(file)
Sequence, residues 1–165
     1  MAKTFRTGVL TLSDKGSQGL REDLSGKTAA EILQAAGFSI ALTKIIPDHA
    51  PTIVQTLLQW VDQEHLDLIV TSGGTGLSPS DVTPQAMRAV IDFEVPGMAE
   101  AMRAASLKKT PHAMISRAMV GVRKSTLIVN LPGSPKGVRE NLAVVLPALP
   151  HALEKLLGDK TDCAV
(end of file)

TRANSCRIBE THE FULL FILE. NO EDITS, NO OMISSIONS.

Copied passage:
Sequence, residues 1–165
     1  MAKTFRTGVL TLSDKGSQGL REDLSGKTAA EILQAAGFSI ALTKIIPDHA
    51  PTIVQTLLQW VDQEHLDLIV TSGGTGLSPS DVTPQAMRAV IDFEVPGMAE
   101  AMRAASLKKT PHAMISRAMV GVRKSTLIVN LPGSPKGVRE NLAVVLPALP
   151  HALEKLLGDK TDCAV